A Coating of Many Colors

Combining variegated leaves throughout the garden yields a dynamic landscape

Splashed with color or precisely patterned, variegated foliage dresses some of the garden’s most free-spirited plants in boho-chic style. Leaf variegation in these fashionable finds occurs naturally as mutations or as a response to viral infections. Green pigment can be masked by other colors or be absent from the whole leaf or just part of it. Plant breeders often select these novelties to bring to market, to the delight of garden designers like Karen Chapman.

“They are inspiration plants — a spring-board for design,” says the co-author of Fine Foliage (St. Lynn’s Press, 2013). “Variegated plants make great focal points that just scream ‘Look at me!’”

For every plant passion or garden style, there are scores of variegated options. T ry
showy varieties of local garden stalwarts such as ‘Raspberry Ice’ bougainvillea, ‘Eureka Variegated Pink’ lemon, ‘Golden Zebra’ daylily, ‘Lemon Lime’ heavenly bamboo and ‘Medio-picta Alba’ agave.

Among tropicals, opt for the drama of elephant ears or caladiums with speckled, blotched, blushed or iced leaves that seem positively psychedelic. In native gardens, ‘Diamond Heights’ Carmel creeper adds a year-round golden glow.

In addition to aeoniums, echeverias and other painterly succulents, water-wise choices include ornamental grasses like ‘Morning Light’ silver grass, yellow-edged ‘Overdam’ reed grass, variegated Japanese sedge or bold ‘Fireworks’ fountain grass that explodes with white, green, pink and burgundy-striped leaves.

“I like the new ‘Meerlo’ lavender with its cream-edge leaves,” Karen says. “Also, don’t overlook drought-tolerant coprosmas with their glossy leaves. There are many choices like ‘Tequila Sunrise’ and ‘Coppershine.’

In gardens, variegated foliage lights up dark corners, awakens staid planting combos and draws the eye to garden destinations. Variegation intensified by weather also creates seasonal interest, a key to dynamic landscapes.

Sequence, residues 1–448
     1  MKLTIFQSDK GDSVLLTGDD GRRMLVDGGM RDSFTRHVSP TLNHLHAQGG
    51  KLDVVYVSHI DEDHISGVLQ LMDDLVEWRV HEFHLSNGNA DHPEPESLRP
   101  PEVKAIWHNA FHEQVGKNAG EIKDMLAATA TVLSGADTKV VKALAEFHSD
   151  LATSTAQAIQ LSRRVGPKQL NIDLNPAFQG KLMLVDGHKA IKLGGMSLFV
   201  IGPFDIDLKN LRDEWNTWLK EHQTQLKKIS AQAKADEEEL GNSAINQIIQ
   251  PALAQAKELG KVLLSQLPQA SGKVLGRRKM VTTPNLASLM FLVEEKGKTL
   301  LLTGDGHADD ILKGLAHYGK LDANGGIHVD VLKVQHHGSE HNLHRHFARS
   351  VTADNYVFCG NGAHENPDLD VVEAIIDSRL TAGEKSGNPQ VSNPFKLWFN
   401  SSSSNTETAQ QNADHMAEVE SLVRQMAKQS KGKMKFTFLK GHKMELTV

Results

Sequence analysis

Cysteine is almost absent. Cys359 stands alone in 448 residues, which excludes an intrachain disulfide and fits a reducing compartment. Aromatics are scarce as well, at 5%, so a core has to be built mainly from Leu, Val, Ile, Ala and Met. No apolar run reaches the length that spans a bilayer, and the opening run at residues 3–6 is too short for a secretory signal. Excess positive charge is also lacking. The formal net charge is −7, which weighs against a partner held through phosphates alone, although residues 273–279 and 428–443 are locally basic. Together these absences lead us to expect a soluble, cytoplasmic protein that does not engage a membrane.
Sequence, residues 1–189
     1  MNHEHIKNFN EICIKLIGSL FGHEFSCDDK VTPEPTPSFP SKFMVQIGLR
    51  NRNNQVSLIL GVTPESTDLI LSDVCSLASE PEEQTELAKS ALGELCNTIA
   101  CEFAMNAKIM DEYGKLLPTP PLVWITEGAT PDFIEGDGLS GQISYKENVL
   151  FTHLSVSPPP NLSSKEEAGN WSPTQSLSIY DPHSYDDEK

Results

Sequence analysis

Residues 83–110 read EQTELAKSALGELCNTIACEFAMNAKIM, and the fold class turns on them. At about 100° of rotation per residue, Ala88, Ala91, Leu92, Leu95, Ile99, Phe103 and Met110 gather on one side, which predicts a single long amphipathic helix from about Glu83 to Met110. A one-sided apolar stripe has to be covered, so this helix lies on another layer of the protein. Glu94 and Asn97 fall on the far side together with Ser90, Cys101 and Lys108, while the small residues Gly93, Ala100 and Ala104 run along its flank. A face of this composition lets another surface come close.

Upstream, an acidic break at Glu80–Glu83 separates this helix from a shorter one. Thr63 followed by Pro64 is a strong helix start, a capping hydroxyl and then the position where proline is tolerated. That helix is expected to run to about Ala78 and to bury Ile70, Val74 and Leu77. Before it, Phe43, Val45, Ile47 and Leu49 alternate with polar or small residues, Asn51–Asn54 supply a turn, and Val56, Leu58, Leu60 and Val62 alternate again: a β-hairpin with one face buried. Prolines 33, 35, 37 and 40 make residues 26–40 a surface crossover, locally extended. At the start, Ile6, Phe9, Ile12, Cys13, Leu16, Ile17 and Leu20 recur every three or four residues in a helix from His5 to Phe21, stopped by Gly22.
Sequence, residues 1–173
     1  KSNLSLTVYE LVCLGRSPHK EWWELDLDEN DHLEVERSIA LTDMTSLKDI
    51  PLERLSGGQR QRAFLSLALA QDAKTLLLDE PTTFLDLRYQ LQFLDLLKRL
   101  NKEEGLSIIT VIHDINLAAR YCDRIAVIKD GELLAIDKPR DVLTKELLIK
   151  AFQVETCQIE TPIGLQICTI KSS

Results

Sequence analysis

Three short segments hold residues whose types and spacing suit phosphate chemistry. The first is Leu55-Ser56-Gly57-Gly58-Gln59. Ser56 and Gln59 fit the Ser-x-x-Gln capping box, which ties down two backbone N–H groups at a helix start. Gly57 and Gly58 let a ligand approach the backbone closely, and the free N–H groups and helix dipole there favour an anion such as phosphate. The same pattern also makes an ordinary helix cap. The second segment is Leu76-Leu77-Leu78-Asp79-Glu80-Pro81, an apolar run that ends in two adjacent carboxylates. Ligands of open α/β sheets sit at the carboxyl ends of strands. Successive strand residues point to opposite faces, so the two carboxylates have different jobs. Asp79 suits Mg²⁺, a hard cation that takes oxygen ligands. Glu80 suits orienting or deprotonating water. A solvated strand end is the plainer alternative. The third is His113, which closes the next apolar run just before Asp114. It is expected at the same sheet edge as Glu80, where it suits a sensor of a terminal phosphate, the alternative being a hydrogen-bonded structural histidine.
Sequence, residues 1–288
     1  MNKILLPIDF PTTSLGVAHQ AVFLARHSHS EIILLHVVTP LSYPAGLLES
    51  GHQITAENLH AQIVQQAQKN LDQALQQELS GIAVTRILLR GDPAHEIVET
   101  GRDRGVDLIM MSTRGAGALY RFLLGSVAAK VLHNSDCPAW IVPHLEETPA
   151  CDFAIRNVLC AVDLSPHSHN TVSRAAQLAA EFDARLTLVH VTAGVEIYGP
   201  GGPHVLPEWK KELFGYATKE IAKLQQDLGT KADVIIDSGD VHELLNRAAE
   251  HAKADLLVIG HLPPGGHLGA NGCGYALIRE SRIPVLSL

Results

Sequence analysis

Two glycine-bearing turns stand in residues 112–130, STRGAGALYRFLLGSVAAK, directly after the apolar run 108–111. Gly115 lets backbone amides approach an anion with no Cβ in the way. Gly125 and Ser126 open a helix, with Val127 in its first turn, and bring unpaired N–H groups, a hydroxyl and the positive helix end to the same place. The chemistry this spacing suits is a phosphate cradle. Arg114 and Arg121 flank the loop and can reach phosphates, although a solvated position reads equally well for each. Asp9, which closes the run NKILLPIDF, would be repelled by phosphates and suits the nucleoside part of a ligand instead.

Place variegated plants near a garden path or entry where their artsy good looks are easily admired.

“More than 20 feet away and you’ll have a Monet moment,” Karen says. “Everything in the garden starts with the right plant — or leaf — in the right place.”
A jumble of variegated plants, though, is “like viewing a pot of jellybeans — exhaust-ing to look at,” Karen warns. “Instead, work to use these showoff plants strategically to make an impact.”

Before picking companion plants, “shine a spotlight on the variegated leaf,” she advises. “Maybe you see pink splashes or purple spots. Then select other plants with foliage or flowers that blend or contrast.”

Karen recalls one combo that caught her eye while she was in San Diego to photograph gardens for Foliage First (to be published next year).

“There was a shrubby, variegated myrtle with cream-edged leaves and an acacia with yellow flowers. In the middle was this hulking agave with steel blue blades,” she says. “That was dramatic enough to get me out of bed at 5 a.m. to get the shot.”

But design rules — like no pinstripes with polka dots — are meant to be broken, Karen acknowledges.

“We’ve found that two variegated plants can work together if they have a common thread. For example, if one plant is predom-inately green with gold variegation and the other is the reverse, they definitely look
cool together.” ❖



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